I also think that there is a huge number of people in fact, I think the majority of people who run their companies professionally and with dedication. But it’s only the ones that display the wrong characteristics that get the media attention. We don’t celebrate enough the ones who run their businesses well the successes.
Tony Howarth says there are also people outside the corporate world who he finds inspiring.
I met a young fellow about seven years ago who was in a sporting accident and became a quadriplegic.
I watched that young man aspire far beyond what people would generally expect of someone with that sort of disability. He eventually went to Oxford as a Rhodes scholar I think the first ever disabled Rhodes scholar to undertake a law doctorate.
Those are the sorts of people that inspire me, rather than necessarily the most outstanding corporate personality.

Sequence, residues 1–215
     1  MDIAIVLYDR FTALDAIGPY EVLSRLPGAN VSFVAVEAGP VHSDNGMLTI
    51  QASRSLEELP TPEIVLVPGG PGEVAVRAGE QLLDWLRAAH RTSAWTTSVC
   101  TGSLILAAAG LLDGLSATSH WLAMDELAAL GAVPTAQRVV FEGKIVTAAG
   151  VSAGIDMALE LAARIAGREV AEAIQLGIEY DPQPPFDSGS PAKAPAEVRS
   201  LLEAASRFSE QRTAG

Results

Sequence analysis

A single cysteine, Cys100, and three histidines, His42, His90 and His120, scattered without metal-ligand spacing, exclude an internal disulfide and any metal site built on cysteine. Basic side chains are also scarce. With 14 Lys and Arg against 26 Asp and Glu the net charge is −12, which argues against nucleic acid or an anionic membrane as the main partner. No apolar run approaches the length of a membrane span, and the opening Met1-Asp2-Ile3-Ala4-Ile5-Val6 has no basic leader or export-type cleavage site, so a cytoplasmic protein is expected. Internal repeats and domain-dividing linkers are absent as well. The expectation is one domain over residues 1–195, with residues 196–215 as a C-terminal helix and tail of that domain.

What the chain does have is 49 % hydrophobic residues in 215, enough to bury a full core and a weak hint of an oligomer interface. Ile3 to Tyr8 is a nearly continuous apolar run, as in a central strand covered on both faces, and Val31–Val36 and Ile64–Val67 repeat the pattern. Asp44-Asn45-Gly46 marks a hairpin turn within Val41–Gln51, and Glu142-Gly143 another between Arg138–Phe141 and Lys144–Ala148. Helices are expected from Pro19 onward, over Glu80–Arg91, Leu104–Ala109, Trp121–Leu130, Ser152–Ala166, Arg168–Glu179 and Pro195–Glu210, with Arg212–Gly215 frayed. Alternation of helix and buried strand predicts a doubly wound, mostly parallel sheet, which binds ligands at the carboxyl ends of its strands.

What are the most valuable lessons Howarth has learnt in his long career?
Firstly, before all else fails, tell the truth because all else fails.
Secondly, if you find yourself in a hole stop digging. There are usually a lot of people standing around you who can help.
Thirdly, you are normally appointed to a senior management role because people believe you have the right experience and capability and because you are good at what you do. Your responsibility then is to make decisions and trust your knowledge and experience. In other words, to be a leader you must lead.
You’ve got to trust others until they prove otherwise. If you don’t show trust then an environment of mistrust will emerge and then you’re lost.
You have to trust people to get on with their job, but when that trust is lost, you do then have to deal with it and quickly.
What are Australians best at?